Or, for that matter, the New Formalism. Yes, my Dear Readers, just like 90s fashion, formalism is back. Well, it never really went away (neither did 90s fashion, judging by the amount of flannel that’s lived in my closet for the intervening years), but let’s set that aside for the moment while I recommend post-World War II poetry for Abby.

Given Abby’s fearlessness toward long reading assignments (War and Peace, In Search of Lost Time), I’m going to be daring and recommend two books:

photo (73)Rebel Angels: 25 Poets of the New Formalism came out in 1996, and it’s a great sample of newer formalist work. As with all anthologies, not every poem will appeal to every reader, but I think Abby will find lots to like here. I’d especially recommend the poems by Andrew Hudgins, professor of poetry at The Ohio State University, fabulous reader, and friend of several friends.

 

photo (72)One of Professor Hudgins’s former students is Ashley McHugh, and it’s her luminous debut, Into These Knots, that I’m also recommending. (Full disclosure: Ashley is a friend, and I’ve met Andrew Hudgins a few times, and been regaled with tales of his workshops more times than I can count.)  Ms. McHugh is an especially accomplished sonneteer, as you’ll see when you read this poem, “The Unquarried Blue of Those Depths is All But Blinding,” which she wrote for her now-husband.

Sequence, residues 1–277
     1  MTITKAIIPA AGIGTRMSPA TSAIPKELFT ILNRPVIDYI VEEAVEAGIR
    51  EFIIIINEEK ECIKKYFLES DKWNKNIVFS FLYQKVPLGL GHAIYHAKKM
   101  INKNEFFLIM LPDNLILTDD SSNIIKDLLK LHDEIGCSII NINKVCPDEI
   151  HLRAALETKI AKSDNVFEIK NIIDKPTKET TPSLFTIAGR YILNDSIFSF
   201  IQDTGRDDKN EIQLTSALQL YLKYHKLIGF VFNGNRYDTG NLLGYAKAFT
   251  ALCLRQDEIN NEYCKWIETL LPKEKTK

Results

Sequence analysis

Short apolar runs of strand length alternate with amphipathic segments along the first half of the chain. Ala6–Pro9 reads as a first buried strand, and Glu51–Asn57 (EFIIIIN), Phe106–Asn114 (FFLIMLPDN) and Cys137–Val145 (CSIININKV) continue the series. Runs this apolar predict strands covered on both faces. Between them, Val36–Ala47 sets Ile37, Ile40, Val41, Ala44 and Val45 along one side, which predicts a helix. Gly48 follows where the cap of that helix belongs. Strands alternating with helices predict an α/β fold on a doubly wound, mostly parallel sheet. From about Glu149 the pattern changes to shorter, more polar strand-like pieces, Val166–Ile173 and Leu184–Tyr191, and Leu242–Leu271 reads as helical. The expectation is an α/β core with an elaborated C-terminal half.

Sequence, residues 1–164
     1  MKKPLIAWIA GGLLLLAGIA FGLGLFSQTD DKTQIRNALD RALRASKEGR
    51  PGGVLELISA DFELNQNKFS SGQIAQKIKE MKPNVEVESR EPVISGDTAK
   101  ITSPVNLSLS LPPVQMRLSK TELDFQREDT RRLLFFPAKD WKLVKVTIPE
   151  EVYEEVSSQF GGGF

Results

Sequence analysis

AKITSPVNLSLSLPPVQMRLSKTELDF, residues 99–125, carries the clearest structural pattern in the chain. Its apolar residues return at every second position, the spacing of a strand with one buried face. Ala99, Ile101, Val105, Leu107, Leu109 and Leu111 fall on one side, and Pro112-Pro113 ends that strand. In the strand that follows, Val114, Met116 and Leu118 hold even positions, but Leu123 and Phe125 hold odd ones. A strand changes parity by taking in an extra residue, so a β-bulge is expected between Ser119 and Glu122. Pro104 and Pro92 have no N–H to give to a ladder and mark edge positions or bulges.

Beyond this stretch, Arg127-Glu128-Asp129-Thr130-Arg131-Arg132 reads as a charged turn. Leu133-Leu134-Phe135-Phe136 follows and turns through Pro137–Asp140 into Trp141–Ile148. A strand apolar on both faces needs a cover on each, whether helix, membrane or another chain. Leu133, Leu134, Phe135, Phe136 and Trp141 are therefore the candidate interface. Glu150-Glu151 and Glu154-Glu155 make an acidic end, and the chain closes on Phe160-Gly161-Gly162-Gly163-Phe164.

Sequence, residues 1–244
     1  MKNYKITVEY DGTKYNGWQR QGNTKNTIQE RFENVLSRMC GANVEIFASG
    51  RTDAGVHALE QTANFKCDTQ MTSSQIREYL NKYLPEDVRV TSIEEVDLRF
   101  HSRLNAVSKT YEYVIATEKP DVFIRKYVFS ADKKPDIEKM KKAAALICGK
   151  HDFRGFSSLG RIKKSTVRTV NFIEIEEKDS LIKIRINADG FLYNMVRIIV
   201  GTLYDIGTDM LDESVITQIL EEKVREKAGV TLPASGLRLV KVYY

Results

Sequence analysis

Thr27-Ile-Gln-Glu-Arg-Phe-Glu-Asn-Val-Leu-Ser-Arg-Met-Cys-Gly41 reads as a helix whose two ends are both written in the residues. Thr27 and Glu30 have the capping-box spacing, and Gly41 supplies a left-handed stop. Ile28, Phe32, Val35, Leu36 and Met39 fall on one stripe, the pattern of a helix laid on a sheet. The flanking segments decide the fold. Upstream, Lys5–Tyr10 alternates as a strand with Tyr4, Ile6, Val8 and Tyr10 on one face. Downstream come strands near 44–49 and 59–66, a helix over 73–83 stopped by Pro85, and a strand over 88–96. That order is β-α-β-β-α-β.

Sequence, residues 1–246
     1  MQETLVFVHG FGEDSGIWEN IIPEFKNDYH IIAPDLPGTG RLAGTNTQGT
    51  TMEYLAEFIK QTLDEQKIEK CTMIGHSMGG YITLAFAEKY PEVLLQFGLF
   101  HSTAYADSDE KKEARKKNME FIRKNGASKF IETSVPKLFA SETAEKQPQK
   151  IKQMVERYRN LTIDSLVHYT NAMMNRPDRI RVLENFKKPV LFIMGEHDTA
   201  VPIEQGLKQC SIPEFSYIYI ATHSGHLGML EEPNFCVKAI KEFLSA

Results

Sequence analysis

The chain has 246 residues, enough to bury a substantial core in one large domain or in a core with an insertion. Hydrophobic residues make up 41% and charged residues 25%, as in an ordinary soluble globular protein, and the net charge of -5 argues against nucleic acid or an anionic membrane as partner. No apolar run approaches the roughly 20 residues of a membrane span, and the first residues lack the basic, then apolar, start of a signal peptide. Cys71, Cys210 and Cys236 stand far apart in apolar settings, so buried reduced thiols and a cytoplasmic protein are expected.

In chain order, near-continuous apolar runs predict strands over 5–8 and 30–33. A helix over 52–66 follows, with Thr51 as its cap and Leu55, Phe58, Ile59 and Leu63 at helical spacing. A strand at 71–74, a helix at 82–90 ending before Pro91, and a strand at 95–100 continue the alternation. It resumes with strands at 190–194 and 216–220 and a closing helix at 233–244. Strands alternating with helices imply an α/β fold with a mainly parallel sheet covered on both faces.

Abby, I hope you’ll find poems you love in these books. Thanks for writing in!


Would you like the Poetry Concierge to make a recommendation for you? Check out the introductory post, and send your answers to the questionnaire, along with the name and/or blog you’d like posted with the reply, to rosemaryandreadingglasses [at] gmail [dot] com.

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“they don’t pause, don’t buzz, don’t / fly up in fear and light again”

I’ve been itching to feature this poem all summer, but I restrained myself until the timing was right — and now it is!

Image courtesy SweetCrisis / Freedigitalphotos.net

Image courtesy SweetCrisis / Freedigitalphotos.net

This week, I’m working on Andrew Hudgins’s sublime “Wasps in August.” You can hear Professor Hudgins read the poem here, at Slate (text too). And you should immediately go find Ecstatic in the Poison, from which this poem comes. I own two copies, and I am, sad to say, not sharing.

Professor Hudgins is one of the best living formalist poets, and a kind and funny man to boot (he teaches at The Ohio State University, alma mater of your humble blogger). I’ve never had the pleasure of taking his classes, but my friends who did treasure the experience. He was gracious enough to support the campus literary magazine and its young poets, and he was (and is) a highly-regarded mentor to new poets.

This poem describes the dying days of the wasps outside the speaker’s home, who defend and nurture their larvae in the nest. But it’s about more than that: frailty, death, rebirth, renewal, futility . . . I could go on.

The last line will floor you.

Recommended Essay: “Twenty Little Poems That Could Save America,” by Tony Hoagland